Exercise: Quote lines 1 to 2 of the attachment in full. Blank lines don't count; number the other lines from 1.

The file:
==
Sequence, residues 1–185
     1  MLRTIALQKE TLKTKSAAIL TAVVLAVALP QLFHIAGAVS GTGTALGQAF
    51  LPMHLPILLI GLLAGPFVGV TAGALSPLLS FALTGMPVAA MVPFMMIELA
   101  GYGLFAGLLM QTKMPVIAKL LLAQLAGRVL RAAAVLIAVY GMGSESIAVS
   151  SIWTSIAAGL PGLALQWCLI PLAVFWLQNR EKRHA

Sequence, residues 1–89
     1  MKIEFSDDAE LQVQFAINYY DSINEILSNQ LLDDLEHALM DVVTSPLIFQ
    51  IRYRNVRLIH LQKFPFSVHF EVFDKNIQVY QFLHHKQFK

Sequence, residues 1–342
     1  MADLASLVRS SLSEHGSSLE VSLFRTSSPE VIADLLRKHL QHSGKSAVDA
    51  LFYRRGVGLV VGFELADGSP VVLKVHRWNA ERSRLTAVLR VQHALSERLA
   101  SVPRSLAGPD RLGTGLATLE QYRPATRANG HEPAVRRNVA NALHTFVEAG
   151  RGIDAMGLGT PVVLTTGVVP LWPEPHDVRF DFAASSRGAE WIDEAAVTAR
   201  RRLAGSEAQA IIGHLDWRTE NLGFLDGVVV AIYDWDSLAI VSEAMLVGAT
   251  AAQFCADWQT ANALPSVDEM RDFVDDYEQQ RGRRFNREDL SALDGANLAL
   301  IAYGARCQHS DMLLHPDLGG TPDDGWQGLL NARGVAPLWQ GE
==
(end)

Sequence, residues 1–185
     1  MLRTIALQKE TLKTKSAAIL TAVVLAVALP QLFHIAGAVS GTGTALGQAF